Who pays for the obesity crisis …..?

‘The real cost of poor quality food should include the cost to the NHS in diet related illness, but of course the food industry do not pay the true cost for this, this is disproportionately displaced onto the individual consumer via the taxes we pay to fund our health care system….’

As Channel 4 ,  Dispatches , highlights Theresa May’s watering down of governments obesity strategy it is time to reframe the discourse on ‘obesity’.

Regulating the food industry is about more than people being ‘fat’, it is about the role an active state should play in society and the fallacy of ‘choice’ as a panacea .

The current discussion on the food industry must not be overshadowed by the ‘obesity’ debate because there are much bigger issues at stake here, not least the accountability of the food industry and the role government should have, if any,  in regulating the food industry to protect the health of the nation.  By narrowing the focus on obesity we risk  reducing the debate to stigmatizing those who are overweight, and focus too much on individual responsibility.  For once could  the debate also include corporate responsibility.  Whilst Politicians might make noises about supporting free ‘choice’ I would rather see decisive action from government because I trust the food industry about as much as I trust the banking industry, which is zero percent.

Just look at the food labelling debacle, which dragged on for over two decades  The coalition government announced in October 2012 that a consistent system of food  labelling  was set to be launched, however, it was not quite a done deal with food producers still holding back.   Cadbury, amongst others, spurned the ‘traffic light’ system suggesting it focused too much on the negative ingredients in their food, i.e. sugar.….REALLY!

But it is not just about food labelling, more importantly it is also about the food production process. For example research suggests high salt intake is associated with significantly increased risk of stroke and cardiovascular disease, so to reduce risk just reduce salt in take, easy.  However, the same research also suggests high levels of salt intake is related to food production processes, rather than individuals adding salt to their diet, and the biggest barrier to reducing significant salt intake for individuals  is the historical reluctance of the food industry to reduce the levels of salt used in food production.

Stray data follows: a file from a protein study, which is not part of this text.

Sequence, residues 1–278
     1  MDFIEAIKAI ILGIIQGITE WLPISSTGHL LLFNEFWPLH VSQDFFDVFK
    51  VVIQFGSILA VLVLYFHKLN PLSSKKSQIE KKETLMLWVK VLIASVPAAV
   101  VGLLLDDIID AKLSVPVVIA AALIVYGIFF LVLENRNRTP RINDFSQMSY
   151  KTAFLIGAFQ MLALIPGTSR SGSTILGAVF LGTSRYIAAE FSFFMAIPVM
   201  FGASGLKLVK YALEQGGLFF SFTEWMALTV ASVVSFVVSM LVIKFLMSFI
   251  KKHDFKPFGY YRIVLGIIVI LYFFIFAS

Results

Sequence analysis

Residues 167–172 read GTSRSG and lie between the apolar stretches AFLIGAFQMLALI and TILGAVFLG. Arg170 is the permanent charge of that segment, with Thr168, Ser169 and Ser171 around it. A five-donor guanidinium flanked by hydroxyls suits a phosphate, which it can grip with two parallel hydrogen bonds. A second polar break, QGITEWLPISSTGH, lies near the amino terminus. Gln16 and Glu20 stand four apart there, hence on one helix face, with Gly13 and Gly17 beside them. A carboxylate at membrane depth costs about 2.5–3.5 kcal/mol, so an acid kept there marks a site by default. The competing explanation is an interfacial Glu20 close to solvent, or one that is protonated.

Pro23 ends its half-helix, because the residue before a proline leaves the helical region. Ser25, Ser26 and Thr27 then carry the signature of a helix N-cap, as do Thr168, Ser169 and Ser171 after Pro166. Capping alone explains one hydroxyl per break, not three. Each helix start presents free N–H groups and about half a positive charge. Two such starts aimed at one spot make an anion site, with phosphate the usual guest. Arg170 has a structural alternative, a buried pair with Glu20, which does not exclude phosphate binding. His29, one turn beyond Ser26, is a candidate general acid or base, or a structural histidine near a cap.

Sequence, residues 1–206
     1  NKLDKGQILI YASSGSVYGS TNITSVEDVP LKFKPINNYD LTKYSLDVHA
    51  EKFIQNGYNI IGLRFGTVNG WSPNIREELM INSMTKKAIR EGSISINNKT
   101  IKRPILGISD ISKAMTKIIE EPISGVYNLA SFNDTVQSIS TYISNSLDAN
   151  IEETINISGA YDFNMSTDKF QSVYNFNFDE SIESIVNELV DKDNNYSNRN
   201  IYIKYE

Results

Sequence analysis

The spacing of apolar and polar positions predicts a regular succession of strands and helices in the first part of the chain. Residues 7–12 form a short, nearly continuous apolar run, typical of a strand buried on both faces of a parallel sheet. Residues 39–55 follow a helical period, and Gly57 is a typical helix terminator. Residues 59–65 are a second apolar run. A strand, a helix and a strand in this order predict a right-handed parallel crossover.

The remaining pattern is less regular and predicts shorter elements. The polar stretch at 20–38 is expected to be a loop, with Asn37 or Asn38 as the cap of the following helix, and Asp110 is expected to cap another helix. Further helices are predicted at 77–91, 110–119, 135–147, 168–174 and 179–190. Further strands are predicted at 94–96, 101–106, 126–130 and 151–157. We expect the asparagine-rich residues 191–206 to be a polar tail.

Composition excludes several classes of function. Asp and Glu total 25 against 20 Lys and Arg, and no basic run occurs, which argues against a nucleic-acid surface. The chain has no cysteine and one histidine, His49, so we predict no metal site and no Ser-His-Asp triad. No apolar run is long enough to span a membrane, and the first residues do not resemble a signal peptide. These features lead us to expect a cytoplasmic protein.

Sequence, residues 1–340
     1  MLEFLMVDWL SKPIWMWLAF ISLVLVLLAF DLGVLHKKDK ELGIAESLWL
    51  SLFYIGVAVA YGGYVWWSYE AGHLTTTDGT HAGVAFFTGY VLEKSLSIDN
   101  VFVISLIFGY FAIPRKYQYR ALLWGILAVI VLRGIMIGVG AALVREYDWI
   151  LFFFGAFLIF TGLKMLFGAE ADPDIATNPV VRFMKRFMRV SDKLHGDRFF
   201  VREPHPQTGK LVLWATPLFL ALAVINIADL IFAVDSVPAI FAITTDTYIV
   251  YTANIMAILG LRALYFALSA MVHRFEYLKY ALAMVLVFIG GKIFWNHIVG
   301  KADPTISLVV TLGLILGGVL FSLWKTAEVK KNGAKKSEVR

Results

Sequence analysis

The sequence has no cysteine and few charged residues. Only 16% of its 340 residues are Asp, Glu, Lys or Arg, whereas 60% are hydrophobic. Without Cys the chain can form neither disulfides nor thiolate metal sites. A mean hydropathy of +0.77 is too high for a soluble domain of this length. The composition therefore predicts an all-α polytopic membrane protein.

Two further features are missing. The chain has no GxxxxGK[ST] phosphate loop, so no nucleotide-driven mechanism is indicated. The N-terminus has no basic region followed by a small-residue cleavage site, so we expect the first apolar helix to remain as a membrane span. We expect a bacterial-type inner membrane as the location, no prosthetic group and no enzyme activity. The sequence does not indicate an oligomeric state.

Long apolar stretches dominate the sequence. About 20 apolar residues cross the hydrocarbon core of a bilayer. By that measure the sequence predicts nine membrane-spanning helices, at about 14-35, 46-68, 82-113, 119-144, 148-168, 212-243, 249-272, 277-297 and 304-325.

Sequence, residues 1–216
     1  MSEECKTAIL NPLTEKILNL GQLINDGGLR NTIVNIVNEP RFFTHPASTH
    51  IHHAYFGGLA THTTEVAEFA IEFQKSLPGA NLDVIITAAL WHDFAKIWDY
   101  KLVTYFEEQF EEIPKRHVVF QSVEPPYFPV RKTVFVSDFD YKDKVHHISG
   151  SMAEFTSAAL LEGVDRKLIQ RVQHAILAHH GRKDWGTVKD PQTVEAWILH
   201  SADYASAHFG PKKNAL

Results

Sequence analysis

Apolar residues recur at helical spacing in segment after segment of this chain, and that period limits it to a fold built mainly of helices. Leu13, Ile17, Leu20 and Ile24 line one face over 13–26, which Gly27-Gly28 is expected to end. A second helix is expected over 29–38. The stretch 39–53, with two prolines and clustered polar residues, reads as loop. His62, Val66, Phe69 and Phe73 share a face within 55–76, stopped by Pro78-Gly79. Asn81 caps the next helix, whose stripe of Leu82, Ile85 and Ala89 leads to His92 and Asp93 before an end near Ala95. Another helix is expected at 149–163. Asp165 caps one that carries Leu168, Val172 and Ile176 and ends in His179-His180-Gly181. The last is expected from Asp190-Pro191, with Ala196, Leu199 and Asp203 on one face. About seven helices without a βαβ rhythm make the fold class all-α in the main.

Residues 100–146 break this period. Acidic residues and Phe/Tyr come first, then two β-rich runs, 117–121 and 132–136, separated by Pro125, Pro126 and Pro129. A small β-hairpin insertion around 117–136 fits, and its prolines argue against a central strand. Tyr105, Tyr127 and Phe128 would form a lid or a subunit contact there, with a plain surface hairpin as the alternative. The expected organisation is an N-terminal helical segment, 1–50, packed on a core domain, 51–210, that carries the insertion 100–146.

The seriousness of this issue must not get lost in tabloid headlines about ‘obese’ people.  Any talk of government taking an interventionist approach is met with cries of ‘nanny state’ from the Tory right who use this as a pejorative term to describe excessive state action.  Those who support free markets object to the use of state power in this way perceiving such an approach as restricting individual choice.

Governments approach to this issue is ideological, whilst for some intervention from government represents the worst excesses of the ‘nanny state’, to others it represents an ‘active state’ coordinating an approach to promote public health for its citizens, rather than protecting big industry from taking responsibility for its actions.

A first step might be to regulate the removal of excessive sugar from food production, this would  benefit public health. We need such intervention because we can not trust the food industry, the average consumer can not fight against the unethical and unhealthy practices of large corporations. I feel very strongly the government should undertake a strategy akin to tackling the tobacco industry, because the potential damage to our health from sugar added to our food parallels that of nicotine.

A rise in the cost of food is an interesting argument presented by government and the food industry as an argument against healthier food production. The real cost of poor quality food should include the cost to the NHS in diet related illness, but of course the food industry do not pay the true cost for this, this is disproportionately displaced onto the individual consumer via the taxes we pay to fund our health care system (Do not even get me started on corporate tax evasion).

All most of us want is honesty and transparency, and maybe even an ethical approach in the food industry,  where our health is put before profit, is that too much to ask?

It would seem it is.

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